The Limbers had an interesting problem on their hands indeed – their liveoak grove was in the middle of a wild magic zone. My instruction on those at the Academy was “dangerous, avoid”… to be honest, most of the stuff we’ve been dealing with as a free company was on the “dangerous, avoid” list. The raw power running in the place makes magic behave… strangely. I could feel the power fluctuating wildly when I cast, and there were a host of strange effects. I swapped Isabella into a combat and it took no time at all – a trick that us naturals have a very hard time getting a handle on. One of my lightning bolts went off with a dragon roar – an effect I wish I could reproduce! Of course, the church bells ringing when I cast invisibility on Finn were less desirable. It’s not unlikely that there are more of these zones in the swamp – they’re generated by damaged arcane foci, and I’m sure the Mosquito Kingdom didn’t stop with one. Fortunately the focus was easily shut down with a simple dispel magic and some level of resignation with regards to absorbing some arcane backlash. I’ll make sure to pass that information on to the Traveler’s Collective and the Four Corners.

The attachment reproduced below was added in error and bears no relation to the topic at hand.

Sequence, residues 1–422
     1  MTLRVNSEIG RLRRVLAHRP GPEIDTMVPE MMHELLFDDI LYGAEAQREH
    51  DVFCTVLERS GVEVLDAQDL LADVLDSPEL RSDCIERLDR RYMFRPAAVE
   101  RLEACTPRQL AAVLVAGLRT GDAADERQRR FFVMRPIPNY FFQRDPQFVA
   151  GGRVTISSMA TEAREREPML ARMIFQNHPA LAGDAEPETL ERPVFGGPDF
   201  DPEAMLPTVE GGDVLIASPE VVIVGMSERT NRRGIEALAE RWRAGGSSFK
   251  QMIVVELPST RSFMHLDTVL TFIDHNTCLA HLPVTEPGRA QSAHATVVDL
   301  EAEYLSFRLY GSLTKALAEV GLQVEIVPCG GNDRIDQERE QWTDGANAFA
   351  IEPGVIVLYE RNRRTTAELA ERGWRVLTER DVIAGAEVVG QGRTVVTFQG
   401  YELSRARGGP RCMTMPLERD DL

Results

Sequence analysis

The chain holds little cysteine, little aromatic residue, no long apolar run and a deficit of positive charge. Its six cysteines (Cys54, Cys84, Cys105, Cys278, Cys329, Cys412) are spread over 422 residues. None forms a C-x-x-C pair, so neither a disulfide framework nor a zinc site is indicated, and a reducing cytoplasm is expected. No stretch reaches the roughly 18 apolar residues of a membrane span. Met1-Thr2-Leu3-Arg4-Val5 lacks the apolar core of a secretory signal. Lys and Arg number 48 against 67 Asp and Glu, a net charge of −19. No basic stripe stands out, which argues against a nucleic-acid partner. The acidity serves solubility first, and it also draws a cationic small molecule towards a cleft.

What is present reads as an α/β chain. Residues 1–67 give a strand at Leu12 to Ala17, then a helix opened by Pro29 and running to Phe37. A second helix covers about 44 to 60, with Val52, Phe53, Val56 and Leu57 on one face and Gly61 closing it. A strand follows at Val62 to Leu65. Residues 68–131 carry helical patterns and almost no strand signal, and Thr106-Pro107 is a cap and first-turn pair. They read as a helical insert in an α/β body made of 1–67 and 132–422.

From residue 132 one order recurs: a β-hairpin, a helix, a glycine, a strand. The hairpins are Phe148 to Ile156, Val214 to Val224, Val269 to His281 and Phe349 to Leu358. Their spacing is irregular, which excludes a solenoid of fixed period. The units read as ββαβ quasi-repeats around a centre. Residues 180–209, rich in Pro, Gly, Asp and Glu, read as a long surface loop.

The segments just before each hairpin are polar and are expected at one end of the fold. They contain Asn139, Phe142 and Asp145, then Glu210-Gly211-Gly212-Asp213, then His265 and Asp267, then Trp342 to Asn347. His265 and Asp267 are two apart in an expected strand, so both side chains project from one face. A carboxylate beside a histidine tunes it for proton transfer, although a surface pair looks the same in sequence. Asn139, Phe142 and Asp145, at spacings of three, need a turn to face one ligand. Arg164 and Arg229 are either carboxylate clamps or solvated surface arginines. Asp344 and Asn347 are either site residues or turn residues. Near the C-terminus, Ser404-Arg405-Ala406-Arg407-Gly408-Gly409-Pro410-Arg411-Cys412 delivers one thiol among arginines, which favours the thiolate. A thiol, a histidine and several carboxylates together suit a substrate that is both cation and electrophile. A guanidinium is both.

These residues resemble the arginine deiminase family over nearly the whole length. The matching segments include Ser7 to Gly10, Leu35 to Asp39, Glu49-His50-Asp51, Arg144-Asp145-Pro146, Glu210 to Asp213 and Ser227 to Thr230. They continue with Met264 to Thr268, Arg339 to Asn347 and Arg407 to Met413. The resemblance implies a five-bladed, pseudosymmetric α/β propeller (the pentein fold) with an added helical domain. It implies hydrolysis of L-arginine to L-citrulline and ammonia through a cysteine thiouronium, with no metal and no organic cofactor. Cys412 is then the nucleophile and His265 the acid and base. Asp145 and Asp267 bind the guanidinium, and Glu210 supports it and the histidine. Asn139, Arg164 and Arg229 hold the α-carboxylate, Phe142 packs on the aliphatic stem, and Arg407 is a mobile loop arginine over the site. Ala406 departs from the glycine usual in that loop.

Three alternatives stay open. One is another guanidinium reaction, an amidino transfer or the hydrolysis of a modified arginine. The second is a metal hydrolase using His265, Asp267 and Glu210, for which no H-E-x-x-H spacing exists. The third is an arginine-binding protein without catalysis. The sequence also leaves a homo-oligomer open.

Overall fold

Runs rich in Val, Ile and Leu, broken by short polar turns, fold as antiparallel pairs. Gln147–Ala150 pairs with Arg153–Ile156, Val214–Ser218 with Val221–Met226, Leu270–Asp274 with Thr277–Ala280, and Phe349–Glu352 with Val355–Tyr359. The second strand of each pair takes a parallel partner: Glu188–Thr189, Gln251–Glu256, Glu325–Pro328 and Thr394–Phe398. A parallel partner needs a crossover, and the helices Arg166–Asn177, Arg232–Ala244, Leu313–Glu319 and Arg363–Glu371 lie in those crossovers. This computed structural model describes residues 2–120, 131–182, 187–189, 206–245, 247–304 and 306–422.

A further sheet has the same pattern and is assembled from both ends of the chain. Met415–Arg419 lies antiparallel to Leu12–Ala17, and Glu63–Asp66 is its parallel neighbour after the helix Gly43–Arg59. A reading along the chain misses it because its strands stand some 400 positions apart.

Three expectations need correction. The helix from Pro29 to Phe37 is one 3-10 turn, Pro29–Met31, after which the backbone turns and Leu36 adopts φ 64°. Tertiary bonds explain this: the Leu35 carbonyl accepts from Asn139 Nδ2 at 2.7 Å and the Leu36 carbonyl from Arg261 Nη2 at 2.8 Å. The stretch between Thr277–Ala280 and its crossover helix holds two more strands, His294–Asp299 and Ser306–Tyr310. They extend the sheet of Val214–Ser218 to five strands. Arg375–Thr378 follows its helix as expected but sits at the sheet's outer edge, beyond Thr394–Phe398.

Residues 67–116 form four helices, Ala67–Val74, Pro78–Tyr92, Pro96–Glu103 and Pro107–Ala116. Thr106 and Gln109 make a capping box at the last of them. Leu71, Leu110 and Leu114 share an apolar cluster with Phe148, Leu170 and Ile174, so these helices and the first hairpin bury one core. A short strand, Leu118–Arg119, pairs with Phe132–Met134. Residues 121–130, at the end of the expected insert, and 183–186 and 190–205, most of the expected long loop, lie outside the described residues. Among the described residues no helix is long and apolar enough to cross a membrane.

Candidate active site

The wild magic zone led to some very strange creatures indeed – spellwarped ettins, vaporighus half-summoned from Gehenna such that they couldn’t be merely dismissed, and a truly terrifying gray render, warped by the Far Realms to a twisted mockery of Material geometry. The entire time, my magic was sparking and hissing and not nearly as effective as it should have been. On top of dealing with the wild magic, everything we fought seemed to just shrug off my spells – well, except for my lightning breath. I didn’t feel the wild magic straining against it at all. I’d assumed it was just another trick I’d figured out, another way to manipulate the arcane power of lightning. Galen, Finn, Cyrus, and Isabella don’t seem to think it’s anything worth commenting on – I guess they think it’s a spell. I’m not so sure anymore, but I’ll keep that to myself for the moment.